With the “Women’s Revolution,” wrestling fans have been treated to women’s matches lasting more than five minutes (gasp!), fully fleshed out female characters who are not always connected to male counterparts, and a number of firsts, including the first ever Women’s Money in the Bank Ladder Match (largely a disappointment) last year and the first Women’s Royal Rumble Match last month (not a disappointment at all). The women’s wrestling division has moved away from the “Bra and Panty” matches into new territory, where the focus is more on the women’s athletic skill and character archs.

For this week’s blog post, I’d like to examine the role that the Internet has played in the development of the WWE Women’s Revolution. I will first explore WWE’s digital actions before diving into the unofficial moves enacted by fans and the female wrestlers online. I will keep in mind Jessie Daniels’s important point that companies have often “co-opted the rhetoric of feminism for profit.” 1 Unfortunately, the WWE is extremely guilty of this, however, as I have discovered through crafting this blog post and via my own involvement, the female fandom and wrestlers seem to genuinely enact methods of cyberfeminism(s) through their interactions online.

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  1. Jessie Daniels, “Rethinking Cyberfeminism(s): Race, Gender, and Embodiment,” WSQ, 37.1&2, pg. 103.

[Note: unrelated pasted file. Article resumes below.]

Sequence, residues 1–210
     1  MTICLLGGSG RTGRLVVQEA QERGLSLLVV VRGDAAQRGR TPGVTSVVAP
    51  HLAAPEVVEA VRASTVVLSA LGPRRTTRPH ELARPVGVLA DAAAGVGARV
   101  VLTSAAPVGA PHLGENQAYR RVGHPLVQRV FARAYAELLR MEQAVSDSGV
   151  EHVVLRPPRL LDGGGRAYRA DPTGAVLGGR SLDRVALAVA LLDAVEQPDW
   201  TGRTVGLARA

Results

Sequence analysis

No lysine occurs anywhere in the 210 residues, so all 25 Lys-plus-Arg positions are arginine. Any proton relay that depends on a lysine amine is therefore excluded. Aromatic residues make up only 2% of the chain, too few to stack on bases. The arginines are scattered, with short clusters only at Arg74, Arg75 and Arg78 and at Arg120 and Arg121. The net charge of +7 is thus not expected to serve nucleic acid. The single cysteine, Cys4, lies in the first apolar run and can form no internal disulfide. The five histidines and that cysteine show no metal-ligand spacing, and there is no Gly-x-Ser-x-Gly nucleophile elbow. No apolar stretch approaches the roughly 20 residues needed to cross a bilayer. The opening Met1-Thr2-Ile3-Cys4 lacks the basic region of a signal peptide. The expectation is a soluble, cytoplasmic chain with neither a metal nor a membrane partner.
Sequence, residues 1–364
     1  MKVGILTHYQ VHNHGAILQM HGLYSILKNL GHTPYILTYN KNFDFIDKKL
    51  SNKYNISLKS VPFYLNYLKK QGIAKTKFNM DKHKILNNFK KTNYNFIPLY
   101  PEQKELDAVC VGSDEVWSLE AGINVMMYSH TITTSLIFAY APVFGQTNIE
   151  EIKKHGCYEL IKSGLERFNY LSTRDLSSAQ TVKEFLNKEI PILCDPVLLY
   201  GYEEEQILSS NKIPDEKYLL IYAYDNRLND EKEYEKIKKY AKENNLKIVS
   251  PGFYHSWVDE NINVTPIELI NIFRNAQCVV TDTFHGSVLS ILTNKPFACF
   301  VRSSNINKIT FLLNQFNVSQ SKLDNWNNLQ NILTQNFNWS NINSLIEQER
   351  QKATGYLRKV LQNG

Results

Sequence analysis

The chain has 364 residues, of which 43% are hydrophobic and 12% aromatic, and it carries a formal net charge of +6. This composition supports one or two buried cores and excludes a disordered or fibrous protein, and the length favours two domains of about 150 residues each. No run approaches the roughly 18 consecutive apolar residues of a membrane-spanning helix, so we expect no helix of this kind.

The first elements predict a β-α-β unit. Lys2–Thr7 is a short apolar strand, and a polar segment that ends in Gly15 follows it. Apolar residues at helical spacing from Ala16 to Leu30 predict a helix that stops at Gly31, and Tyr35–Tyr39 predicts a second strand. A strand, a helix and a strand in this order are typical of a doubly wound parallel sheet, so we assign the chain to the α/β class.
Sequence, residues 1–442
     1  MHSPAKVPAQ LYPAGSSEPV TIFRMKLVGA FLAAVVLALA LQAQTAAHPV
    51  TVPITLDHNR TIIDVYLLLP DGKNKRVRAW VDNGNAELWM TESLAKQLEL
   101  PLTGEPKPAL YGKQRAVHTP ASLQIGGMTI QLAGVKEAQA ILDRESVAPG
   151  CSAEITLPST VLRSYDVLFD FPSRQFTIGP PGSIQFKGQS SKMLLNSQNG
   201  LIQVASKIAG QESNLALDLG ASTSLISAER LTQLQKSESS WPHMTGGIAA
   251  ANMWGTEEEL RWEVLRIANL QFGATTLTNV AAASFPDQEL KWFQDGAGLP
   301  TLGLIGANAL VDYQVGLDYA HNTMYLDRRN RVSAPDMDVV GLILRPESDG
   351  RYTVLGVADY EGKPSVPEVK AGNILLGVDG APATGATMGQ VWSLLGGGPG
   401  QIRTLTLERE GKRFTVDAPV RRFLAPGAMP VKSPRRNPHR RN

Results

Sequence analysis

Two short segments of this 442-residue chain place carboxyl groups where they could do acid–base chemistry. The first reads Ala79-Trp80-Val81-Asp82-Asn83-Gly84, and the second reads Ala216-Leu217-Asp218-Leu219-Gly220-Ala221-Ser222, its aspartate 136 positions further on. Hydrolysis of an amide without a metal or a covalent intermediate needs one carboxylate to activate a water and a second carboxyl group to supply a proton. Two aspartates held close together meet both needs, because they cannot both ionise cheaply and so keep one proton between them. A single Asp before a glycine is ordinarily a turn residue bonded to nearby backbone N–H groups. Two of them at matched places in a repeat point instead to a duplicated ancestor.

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Rules and Narrative

In his article “Narration, Intrigue, and Reader Positioning in Electronic Narratives,” Daniel Punday introduces readers to Espen J. Aarseth’s definition of “intrigue”: “a sequence of oscillating activities effectuated (but not controlled) by the user” (25-26). Although these are actions taken by the reader “to move the game forward,” successful digital text (including video games) designs ensure that these moves are controlled by the text’s creator/author. To this, Punday adds that “all forms of textuality that require the user to act” depend upon the player’s ability to intuit both the values of the fictional world as well as the rules of the text (29, emphasis in original). While the designer of the video game or digital text chooses a “domain or fictional setting” first, then creates rules which fit the genre or theme (Ibid.). Punday notes that, for the reader or player, this process is inverted: users learn the rules through assumptions they can make based on the text’s narrative world (Ibid.). For this blog post, I will follow Punday’s example and examine both a digital text and a video game in order to determine the interactions present between the rules and the narrative. My selection of digital text, Welcome to Pine Point (2011), allows me to analyze the outcome of a digital narrative experience in which the reader must obey the rules, while my selection of video game, Friday the 13th: The Game (2017), will allow for the exploration of what happens when users don’t necessarily have to learn or play by the rules.